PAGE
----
Adapted screenplay Oscar winner Larry McMurtry had been nominated once before for his 1971 classic The Last Picture Show, and ironically the prolific novelist won not for an adaptation of one of his own novels but for adapting E Annie Proulx's short story. He paid comprehensive praise to Ossana, and thanked booksellers around the world. 'I want to thank all our contributors to the survival of the culture of the book.'

Collecting the foreign language award for Tsotsi, an emotional director Gavin Hood said: 'We may have foreign language films, but our stories are the same as your stories and they are about human heart and emotion.'

Nick Park and Steve Box won animated feature for Wallace & Gromit: The Curse Of The Were-Rabbit. It was Park's fourth Academy Award but his first for a feature. 'Somebody once said if you make a bad film, you make it alone,' Box told the auditorium. 'If you make a great film, everybody made it with you. We all made it together, guys.' The pair added in unison: 'Cracking cheese, Gromit.'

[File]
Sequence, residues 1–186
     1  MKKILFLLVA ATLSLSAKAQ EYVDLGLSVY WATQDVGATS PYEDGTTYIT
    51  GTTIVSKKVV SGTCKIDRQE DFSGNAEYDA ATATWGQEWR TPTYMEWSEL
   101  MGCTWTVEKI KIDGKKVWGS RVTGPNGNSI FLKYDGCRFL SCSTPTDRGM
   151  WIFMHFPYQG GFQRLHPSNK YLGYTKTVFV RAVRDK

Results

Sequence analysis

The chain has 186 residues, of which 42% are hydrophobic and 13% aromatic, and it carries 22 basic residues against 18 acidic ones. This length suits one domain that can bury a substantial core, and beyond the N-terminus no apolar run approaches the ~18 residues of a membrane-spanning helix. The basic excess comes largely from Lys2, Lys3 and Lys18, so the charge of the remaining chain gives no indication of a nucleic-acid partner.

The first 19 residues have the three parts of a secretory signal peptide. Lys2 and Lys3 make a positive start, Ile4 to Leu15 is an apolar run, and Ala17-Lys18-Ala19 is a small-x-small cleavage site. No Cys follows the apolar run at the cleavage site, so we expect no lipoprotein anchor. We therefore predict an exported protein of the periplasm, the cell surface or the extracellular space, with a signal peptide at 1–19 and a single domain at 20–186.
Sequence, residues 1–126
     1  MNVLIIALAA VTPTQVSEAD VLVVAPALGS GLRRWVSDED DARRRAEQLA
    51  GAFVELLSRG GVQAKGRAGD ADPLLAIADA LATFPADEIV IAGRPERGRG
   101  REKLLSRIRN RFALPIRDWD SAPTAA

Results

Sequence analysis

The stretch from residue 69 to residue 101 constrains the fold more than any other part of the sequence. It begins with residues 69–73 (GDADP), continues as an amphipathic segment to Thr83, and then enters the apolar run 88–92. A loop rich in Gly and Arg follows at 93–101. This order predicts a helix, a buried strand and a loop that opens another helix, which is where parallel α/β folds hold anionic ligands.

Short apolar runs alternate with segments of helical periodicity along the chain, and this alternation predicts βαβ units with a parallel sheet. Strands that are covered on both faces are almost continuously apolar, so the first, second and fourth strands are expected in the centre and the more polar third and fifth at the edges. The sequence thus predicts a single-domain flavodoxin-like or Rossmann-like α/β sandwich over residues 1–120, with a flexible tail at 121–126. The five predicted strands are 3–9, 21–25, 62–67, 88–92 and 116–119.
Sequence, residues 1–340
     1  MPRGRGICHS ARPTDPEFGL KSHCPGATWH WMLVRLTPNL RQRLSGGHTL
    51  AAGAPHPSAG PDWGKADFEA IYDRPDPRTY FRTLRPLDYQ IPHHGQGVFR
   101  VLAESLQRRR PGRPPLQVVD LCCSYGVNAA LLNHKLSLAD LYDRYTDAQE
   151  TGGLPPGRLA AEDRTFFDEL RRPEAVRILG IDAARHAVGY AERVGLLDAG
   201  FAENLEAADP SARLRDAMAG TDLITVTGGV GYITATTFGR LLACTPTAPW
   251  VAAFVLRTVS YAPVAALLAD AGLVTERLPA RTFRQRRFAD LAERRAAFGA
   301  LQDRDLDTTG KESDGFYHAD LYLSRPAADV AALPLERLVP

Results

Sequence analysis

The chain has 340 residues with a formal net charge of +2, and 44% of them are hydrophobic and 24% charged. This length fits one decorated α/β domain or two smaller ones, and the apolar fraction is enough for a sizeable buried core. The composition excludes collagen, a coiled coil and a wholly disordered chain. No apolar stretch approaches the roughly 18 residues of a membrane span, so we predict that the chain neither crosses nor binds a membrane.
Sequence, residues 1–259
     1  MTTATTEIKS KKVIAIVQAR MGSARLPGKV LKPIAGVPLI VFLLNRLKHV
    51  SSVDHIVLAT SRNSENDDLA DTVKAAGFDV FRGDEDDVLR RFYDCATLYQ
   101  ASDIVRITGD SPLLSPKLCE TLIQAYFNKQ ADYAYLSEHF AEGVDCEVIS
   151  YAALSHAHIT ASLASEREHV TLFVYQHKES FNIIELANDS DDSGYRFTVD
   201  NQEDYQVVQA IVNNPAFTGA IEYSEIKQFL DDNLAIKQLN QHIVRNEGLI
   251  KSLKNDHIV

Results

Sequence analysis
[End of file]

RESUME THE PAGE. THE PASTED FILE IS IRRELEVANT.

Dion Beebe won the cinematography prize for Memoirs Of A Geisha, his first win and second nomination after Chicago. Colleen Atwood won the costume design statuette for Memoirs of A Geisha, which won three nominations overall, and told the press backstage of the international effort that went into making the costumes. 'I had women from Armenia, from Costa Rica, from Mexico making kimonos, listening to Memoirs Of A Geisha with their headsets on in Spanish,' Atwood said. 'And I had people in Copenhagen doing embroidery for me who are Danish, English, Japanese... so it was really interesting that all these different cultures embraced the real beauty of the kimono in a way that was with the greatest love.' Art director John Myhre collected the picture's third award of the night for achievement in art direction and thanked the Academy on behalf of absent set decorator Gretchen Rau.

'It all started when I was a little boy and my mother read me Where The Wild Things Are by Maurice Sendak, and at that point I knew I wanted to go live with the monsters,' Howard Berger, who along with Tami Lane won make-up for The Chronicles Of Narnia: The Lion, The Witch And The Wardrobe, said.